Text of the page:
Commit a00f9cd6 authored by Sebastian Eichelbaum's avatar Sebastian Eichelbaum
Browse files

[ADD] - some doc in the template module concerning information properties.

parent 57e32368
......@@ -91,6 +91,13 @@ void WProperties::addProperty( boost::shared_ptr< WPropertyBase > prop )
// PV_PURPOSE_INFORMATION groups do not allow PV_PURPOSE_PARAMETER properties but vice versa.
if ( getPurpose() == PV_PURPOSE_INFORMATION )
prop->setPurpose( PV_PURPOSE_INFORMATION );
// INFORMATION properties are allowed inside PARAMETER groups -> do not set the properties purpose.
m_propAccess->get().push_back( prop );
......@@ -66,6 +66,7 @@ WModule::WModule():
// initialize members
m_properties = boost::shared_ptr< WProperties >( new WProperties( "Properties", "Module's properties" ) );
m_infoProperties = boost::shared_ptr< WProperties >( new WProperties( "Informational Properties", "Module's information properties" ) );
m_infoProperties->setPurpose( PV_PURPOSE_INFORMATION );
m_active = m_properties->addProperty( "active", "Determines whether the module should be activated.", true, true );
m_active->getCondition()->subscribeSignal( boost::bind( &WModule::activate, this ) );
......@@ -233,9 +233,21 @@ void WMTemplate::properties()
// Additionally, your can also use the m_active variable directly in your update callbacks to en-/disable some OSG nodes.
// This template module uses method number 1. This might be the easiest and most commonly used way.
// TODO(ebaum): write
// Sometimes it is desirable to provide some values, statistics, counts, times, ... to the user. This would be possible by using a property
// and set the value to the value you want to show the user. Nice, but the user can change this value. PropertyConstraints can't help here,
// as they would forbid writing any value to the property (regardless if the module or the user wants to set it). In other words, these
// special properties serve another purpose. They are used for information output. Your module already provides another property list only
// for these kind of properties. m_infoProperties can be used in the same way as m_properties. The only difference is that each property and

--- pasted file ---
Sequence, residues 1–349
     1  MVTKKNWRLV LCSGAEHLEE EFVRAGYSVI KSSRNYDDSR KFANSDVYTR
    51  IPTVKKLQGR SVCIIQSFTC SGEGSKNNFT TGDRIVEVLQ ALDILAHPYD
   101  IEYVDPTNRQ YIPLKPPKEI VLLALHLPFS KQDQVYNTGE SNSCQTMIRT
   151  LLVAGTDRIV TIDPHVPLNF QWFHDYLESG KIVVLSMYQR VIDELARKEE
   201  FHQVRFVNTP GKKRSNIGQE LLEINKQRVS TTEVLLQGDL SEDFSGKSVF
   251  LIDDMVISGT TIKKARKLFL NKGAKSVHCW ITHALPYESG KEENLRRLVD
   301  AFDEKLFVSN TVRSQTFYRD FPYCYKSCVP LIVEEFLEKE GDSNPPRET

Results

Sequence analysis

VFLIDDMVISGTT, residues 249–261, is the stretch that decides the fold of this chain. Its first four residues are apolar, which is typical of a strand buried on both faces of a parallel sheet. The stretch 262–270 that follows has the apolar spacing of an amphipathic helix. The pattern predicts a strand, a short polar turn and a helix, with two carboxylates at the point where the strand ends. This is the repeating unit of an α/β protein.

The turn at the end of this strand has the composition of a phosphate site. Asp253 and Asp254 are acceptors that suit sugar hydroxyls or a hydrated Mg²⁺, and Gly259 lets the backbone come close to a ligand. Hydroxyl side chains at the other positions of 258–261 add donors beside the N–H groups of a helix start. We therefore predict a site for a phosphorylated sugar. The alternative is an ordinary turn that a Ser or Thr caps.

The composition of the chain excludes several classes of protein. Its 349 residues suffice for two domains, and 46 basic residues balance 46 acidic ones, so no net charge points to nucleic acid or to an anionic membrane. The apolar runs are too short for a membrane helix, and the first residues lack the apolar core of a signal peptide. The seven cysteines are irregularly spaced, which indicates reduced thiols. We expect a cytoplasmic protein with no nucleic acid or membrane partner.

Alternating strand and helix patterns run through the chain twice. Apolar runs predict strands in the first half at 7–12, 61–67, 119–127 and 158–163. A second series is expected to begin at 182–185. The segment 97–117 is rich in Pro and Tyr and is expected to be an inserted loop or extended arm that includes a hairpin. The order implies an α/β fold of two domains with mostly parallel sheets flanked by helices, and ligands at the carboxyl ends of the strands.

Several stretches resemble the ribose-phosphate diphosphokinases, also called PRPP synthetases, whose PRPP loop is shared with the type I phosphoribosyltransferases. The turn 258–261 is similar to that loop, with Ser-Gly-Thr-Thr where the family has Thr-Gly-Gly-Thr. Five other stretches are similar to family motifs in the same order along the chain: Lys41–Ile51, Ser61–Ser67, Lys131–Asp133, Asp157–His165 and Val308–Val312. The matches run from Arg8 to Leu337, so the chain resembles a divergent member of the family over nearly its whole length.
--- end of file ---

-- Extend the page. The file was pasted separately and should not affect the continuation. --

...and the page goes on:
// property group added here can't be modified from the outside world. Here is an example:
m_aIntegerOutput = m_infoProperties->addProperty( "Run Count", "Number of run cycles the module made so far.", 0 );
m_aIntegerOutput->setPurpose( PV_PURPOSE_INFORMATION );
// Later on, we will use this property to provide the number of run cycles to the user.
// In more detail, the purpose type of the property gets set to PV_PURPOSE_INFORMATION automatically by m_infoProperties. You can, of course,
// add information properties to your custom groups or m_properties too. There, you need to set the purpose flag of the property manually:
m_aStringOutput = m_group1a->addProperty( "Hello World in C", "The hello world command in C.", std::string( "printf(\"Hello World!\");" ) );
m_aStringOutput->setPurpose( PV_PURPOSE_INFORMATION );
// This adds the property m_aStringOutput to your group and sets its purpose. The default purpose for all properties is always
// "PV_PURPOSE_PARAMETER". It simply denotes the meaning of the property - its meant to be used as modifier for the module's behaviour; a
// parameter.
void WMTemplate::moduleMain()
......@@ -191,6 +191,11 @@ private:
WPropInt m_aIntegerOutput;
* A property simply providing some text to the outside world.
WPropString m_aStringOutput;
* Node callback to change the color of the shapes inside the root node. For more details on this class, refer to the documentation in
* moduleMain().
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